Set against this background, what could the US possibly stand to gain from Bangladesh, apart from the expected lucrative offshore hydrocarbons exploration contracts? For one, the US is well aware that in the years to come the Bay of Bengal will indeed witness a naval arms race of sorts between India and China. India is already on record for having specified that its eastern seaboard will house the naval establishments required for supporting her survivable nuclear deterrent, i.e. the fleet of SSBNs and associated SSNs. For both the US and China, therefore, logic demands that the navies of both countries seek and develop suitable shore-based naval logistics infrastructure aimed at monitoring the envisaged growth of India’s nuclear-powered undersea warfare platforms. Between the US and China, it was the latter that took the first logical step forward, when in August 2011 saw Myanmar officially inviting China to develop logistics facilities for visiting PLA Navy (PLAN) flotillas at the existing port in in Kyaukpyu in the Bay of Bengal. The ultimate intention behind the creation of such naval logistics infrastructure is to provide support for the PLAN’s warships, ballistic missile tracking vessels and oceanographic survey vessels, that will be engaged in persistently monitoring India’s sea trials for its SSBNs, SSNs and SLBMs along the Bay of Bengal and southern Indian Ocean, and also for  providing protection for Beijing’s expanding offshore oil-and-gas exploration facilities in the Bay of Bengal. This was reportedly the main topic of discussion between Myanmar’s recently-elected President Thein Sein and his Chinese counterpart Hu Jintao when the former visited Beijing between May 26 and 28 last year on his first official overseas visit. The strategic port of Kyaukpyu, a multi-billion dollar project totally financed by China, will house a network of pipelines which, after being commissioned in 2013, will have the capacity to transfer to Yunnan Province more than 80% of China’s imported oil from the Middle East and Africa, as well as natural gas from the Shwe Gas Field--currently Myanmar’s largest gas reserve with an estimated 7.0 trillion cubic feet of natural gas. It may be recalled that Yangon chose to sell the natural gas from Shwe to China over India in 2007, a move that consolidated Myanmar’s position as a valued ally of Beijing. The Kyaukpyu project includes upgrading the existing airport on Ramree Island where Kyaukpyu is located.
It is also believed that the PLAN will also make use of Kyaukpyu for providing logistics support for a new generation of ocean-going intelligence-gathering vessels. The first such vessel, the Uranus (No853), was last August commissioned into the PLAN’s South Sea Fleet. The PLAN also intends to deploy its new-build ocean surveillance catamarans being built at Guangzhou’s Huangpu Shipyard. The first three such vessels (991, 992 and 993) are presently in service with the North Sea Fleet, while the fourth vessel will be deployed with the South Sea Fleet. These vessels will lead the flotilla of marine exploration vessels which China will soon be dispatching after having obtained a deep-sea mining licence in central Indian Ocean (Southwestern Indian Ridge) from the International Seabed Authority (ISA). The State-run China Ocean Mineral Resources Research and Development Association had applied for the licence in May 2010 to explore for polymetallic sulphides in the Southwest Indian Ridge. It would now be required to sign a contract with the ISA, allowing it to explore up to 10,000 sq km over the next 15 years in line with the new rules on polymetallic sulphides adopted by the ISA last year. China, which has ratified the 1982 Law of the Sea Convention and is an ISA member, has been active in deep sea exploration since 2002 when it launched a programme that included developing an active diving submersible—Jiaolong--designed for a maximum depth of 7,000 metres.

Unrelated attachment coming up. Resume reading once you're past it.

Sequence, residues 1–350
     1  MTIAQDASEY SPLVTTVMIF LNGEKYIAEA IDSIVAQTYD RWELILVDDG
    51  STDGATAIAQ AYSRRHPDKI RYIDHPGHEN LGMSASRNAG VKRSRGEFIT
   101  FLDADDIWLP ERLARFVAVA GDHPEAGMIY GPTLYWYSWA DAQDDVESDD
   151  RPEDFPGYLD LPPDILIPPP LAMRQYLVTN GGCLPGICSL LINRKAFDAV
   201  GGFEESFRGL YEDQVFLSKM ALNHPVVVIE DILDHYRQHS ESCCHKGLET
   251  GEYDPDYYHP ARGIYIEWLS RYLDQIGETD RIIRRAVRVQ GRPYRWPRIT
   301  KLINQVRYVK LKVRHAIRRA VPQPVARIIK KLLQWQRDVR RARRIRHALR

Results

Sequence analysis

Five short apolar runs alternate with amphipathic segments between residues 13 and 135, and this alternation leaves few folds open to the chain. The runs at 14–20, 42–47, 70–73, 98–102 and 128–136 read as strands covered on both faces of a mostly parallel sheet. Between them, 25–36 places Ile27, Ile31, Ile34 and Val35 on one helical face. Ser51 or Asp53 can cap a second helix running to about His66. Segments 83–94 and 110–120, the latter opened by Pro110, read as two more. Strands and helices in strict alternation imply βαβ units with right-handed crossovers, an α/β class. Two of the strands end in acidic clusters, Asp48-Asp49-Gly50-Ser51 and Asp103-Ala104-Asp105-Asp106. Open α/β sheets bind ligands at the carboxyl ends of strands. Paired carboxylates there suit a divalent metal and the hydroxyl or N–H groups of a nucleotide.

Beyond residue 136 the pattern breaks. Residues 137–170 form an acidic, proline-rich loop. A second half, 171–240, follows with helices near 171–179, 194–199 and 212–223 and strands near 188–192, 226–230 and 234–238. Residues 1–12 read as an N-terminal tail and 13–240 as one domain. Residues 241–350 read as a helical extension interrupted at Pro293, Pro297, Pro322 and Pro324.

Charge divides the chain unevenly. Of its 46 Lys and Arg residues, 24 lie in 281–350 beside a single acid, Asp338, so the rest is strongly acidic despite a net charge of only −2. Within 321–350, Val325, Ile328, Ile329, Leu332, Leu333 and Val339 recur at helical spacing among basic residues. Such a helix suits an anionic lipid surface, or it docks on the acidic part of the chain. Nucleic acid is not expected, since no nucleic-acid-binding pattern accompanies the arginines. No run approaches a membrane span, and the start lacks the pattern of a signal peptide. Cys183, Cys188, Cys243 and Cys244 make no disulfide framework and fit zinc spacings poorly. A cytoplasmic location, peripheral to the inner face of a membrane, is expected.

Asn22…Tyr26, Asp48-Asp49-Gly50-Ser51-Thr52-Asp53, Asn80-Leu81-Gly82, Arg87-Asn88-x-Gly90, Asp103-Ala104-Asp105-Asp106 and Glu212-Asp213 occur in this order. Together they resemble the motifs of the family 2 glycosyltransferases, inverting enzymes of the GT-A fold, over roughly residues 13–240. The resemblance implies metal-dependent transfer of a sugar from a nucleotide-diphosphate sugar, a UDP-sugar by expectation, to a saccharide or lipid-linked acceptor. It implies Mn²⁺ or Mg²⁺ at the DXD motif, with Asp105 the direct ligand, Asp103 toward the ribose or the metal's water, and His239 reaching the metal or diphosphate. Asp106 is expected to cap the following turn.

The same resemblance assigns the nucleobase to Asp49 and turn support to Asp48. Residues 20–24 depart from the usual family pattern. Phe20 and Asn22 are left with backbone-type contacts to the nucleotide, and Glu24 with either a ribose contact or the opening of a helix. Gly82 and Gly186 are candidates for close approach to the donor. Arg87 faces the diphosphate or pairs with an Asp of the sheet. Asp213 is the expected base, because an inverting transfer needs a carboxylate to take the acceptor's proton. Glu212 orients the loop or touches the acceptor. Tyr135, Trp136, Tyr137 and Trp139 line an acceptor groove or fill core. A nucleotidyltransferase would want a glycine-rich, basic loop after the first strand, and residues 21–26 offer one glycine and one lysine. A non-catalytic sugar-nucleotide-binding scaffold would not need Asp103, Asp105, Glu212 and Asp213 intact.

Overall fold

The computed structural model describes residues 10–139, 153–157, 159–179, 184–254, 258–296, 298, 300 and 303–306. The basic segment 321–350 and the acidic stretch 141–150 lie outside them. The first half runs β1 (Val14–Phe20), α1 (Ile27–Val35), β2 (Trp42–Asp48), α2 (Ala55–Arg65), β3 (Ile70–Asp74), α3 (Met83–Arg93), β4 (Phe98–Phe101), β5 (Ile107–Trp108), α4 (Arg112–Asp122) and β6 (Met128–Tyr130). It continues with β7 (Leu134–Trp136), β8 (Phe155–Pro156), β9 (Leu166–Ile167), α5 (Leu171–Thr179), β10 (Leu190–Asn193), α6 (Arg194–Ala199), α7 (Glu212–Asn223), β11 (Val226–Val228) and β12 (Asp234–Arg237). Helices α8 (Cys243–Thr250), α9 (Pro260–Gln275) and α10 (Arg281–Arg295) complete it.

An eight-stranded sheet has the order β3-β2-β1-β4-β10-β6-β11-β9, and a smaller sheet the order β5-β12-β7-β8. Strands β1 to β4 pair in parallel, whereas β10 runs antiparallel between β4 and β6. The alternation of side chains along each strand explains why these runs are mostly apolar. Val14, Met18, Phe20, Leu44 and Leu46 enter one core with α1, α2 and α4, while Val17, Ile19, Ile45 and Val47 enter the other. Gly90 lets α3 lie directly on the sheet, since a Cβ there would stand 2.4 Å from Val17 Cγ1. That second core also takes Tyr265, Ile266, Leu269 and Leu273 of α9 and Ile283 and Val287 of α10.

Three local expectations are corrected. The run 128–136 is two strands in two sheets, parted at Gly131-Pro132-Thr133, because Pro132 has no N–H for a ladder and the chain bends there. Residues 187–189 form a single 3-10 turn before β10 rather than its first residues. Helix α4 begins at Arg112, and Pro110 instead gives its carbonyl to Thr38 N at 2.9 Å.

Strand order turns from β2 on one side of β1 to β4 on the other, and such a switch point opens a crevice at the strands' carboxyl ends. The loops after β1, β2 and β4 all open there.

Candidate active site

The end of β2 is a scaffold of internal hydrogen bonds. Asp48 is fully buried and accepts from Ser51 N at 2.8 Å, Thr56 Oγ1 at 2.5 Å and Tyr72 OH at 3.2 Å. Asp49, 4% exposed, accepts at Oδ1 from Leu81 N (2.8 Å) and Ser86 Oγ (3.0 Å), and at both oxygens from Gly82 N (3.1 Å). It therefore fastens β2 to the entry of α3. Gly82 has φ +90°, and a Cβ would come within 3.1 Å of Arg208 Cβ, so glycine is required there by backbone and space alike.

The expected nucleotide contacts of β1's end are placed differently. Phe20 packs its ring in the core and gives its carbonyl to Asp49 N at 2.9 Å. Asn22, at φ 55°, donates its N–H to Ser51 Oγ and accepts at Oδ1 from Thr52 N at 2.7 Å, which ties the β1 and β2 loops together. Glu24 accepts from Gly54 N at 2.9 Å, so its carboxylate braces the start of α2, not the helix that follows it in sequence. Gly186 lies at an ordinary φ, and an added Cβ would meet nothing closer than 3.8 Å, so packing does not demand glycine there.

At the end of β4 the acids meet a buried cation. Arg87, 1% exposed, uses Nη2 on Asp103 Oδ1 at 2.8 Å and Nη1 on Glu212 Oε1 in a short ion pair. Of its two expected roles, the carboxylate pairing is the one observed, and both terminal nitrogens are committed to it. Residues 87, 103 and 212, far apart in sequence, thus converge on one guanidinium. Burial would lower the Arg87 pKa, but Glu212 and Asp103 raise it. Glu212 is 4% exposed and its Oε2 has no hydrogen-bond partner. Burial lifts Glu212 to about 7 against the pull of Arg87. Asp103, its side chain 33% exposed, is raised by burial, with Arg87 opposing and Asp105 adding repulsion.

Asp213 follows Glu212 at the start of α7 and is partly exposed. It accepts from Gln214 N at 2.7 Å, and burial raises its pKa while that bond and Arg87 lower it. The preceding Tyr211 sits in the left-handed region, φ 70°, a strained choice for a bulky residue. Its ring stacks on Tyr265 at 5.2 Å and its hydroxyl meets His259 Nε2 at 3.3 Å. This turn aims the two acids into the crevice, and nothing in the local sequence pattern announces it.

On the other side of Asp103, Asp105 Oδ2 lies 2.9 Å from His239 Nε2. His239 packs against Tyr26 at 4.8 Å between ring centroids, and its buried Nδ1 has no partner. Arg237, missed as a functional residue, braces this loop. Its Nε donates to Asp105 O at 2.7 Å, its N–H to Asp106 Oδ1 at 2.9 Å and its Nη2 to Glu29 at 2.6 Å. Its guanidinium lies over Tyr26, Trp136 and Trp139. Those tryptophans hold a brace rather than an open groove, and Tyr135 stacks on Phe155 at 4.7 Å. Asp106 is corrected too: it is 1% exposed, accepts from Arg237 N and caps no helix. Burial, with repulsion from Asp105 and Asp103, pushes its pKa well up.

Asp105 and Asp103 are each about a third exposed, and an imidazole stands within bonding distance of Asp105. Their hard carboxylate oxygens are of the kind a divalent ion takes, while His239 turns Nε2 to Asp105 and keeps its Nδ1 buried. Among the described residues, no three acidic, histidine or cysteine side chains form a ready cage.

The US strategy is plain and simple: it too, like China, has an overriding need to monitor India’s sea-based nuclear weapons-related developments, and what better than to do this under the guise of conducting perfectly legal offshore oil/gas exploration activities within Bangladesh’s EEZ. After all, all that the US will be required to deploy will be a fleet of no more than three non-militarised ocean surveillance vessels and two EP-3-type airborne ELINT aircraft, for which all that the US will require will be a ‘civilian’ shore-based logistics station that includes a runway, all of which can be built within a short span of time at Bangladesh’s St Martin’s Island. For tracking the sea-trials of India’s SSBNs and SSNs, both the US Navy and the Royal Navy will be able to deploy on short notice their SSNs from their bases in Diego Garcia, located 1,200 nautical miles (2,200km) south of the southern tip of India, and from The Maldives’ Gan Island.
In a related development, the DRDO’s Kochi-based Naval Physical & Oceanographic Laboratory (NPOL) has released the first definitive illustration of the next-generation S-5 SSBN, which externally bears a close resemblance to the Project 667BDRM Delta IV SSBN. The illustration, carried on a brochure of the NPOL-developed submarine sonar suite (SSS I-12), which is still under development for the S-5, which will carry twelve 6,500km-range SLBMs. Thus far, India’s MoD has sanctioned the fabrication of only three SSBNs: S-2 (Arihant), S-3 and S-4. Financial sanction for fabricating the S-5’s hull has yet to be obtained.   The double-hulled Project 667BDRM Delta IV SSBN has an operational diving depth of 320 metres and a maximum depth of 400 metres. The propulsion system allows speeds of 24 Knots (44kph) submerged while using two VM-4 pressurised water reactors rated at 180mW that drive two GT3A-365 turbines each rated at 27.5mW.